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Uranium Hex

Sandra Lahire

UK, 1987
11 minutes, Colour, Magnetic, 4:3
Original format: 16mm Film
Available formats: HD Digital file

“When bright yellow uranium oxide leaves the crushing mill to be refined to uranium hex, the waste is shot out through pipes, often into the drinking water of native Canadians’ reservations, mutating the only gene pool…these are the conditions underlying our electricity from nuclear reactors.” – Sandra Lahire.

“Uranium Hex by SANDRA LAHIRE deals with uranium mining in Canada focussing particularly on the woman’s work and the destruction of the environment; the film uses a kaleidoscopic array of experimental techniques such as superimposition, re-filming, changes of speed, pace and an elaborate layering of sounds where ‘atmos’ recording mixes with voices, music. The constantly shifting images provide instances with extremely filmic qualities: the image of a man digging out uranium is superimposed over a woman”s back while brash sounds of machinery are heard and a woman speaks, “…it was like being under an X-ray machine day and night”. The film proposes a number of visual instances operating on different levels but never gelling together, the layers of images and sounds are disruptive, breaking up the surface, giving the piece a textural complexity. ‘No-one is allowed to film the inside of the crushing mill, but I am working on acid-coloured printing and video performance techniques, treating voices and fields of industrial sounds as well as making local speech come to the foreground of the composition.’ The recurring image of the film-maker (looking into the frame as if by the light of her headlamp) gives testimony to the images of mine shafts, drilling marks, X-rays of chests with lung cancer, confronting the viewer’s own look, his/her perception of these images.Questions around the visual pleasure of this aesthetic collage, as to the beauty of the images are endemic in any appraisal of its political aim. What is certain is that the aggressive control and the subjective address create a self-reflective tension, engaging and disturbing the viewer. – Michael Maziere, Independent Media, March 1988.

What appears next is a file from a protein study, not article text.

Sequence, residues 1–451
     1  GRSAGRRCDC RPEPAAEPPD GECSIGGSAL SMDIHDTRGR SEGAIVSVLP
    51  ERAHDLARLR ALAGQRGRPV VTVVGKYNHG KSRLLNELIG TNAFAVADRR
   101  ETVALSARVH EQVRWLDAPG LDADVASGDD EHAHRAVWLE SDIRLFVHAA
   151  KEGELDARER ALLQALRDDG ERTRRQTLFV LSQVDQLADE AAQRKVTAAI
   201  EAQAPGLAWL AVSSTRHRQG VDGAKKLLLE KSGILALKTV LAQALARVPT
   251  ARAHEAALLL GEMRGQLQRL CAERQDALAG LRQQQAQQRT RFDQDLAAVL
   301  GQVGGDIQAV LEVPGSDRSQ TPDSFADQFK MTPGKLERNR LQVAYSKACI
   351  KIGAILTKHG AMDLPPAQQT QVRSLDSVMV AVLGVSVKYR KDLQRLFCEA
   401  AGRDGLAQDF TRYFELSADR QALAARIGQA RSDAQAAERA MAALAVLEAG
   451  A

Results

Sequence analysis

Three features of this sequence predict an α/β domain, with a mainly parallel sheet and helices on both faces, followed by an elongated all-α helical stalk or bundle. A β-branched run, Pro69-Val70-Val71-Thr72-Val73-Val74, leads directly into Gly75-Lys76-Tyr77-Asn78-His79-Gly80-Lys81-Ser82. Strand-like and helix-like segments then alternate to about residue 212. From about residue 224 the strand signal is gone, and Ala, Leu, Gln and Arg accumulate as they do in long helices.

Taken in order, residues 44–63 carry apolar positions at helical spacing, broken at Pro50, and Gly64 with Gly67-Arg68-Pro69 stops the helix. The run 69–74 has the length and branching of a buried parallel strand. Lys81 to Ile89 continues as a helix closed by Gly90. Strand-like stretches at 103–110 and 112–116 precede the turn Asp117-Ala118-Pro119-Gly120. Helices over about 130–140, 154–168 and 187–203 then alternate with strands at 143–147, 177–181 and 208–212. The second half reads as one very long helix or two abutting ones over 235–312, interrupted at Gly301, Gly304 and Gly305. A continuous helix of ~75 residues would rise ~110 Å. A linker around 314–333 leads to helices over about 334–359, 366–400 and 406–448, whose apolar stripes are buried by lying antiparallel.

“Lahire’s “Uranium Hex” is free-form – a pointillistic Geiger-counter crackle of visuals that deploys a number of experimental techniques to find an image for the radioactivity that slips unseen into the air. – Steven Bode.The film is characterised by a dense and compact editing style with every second conveying information in image and sound; the personal is nothing but political.” – Piccadilly Film/Video Festival, June 1988.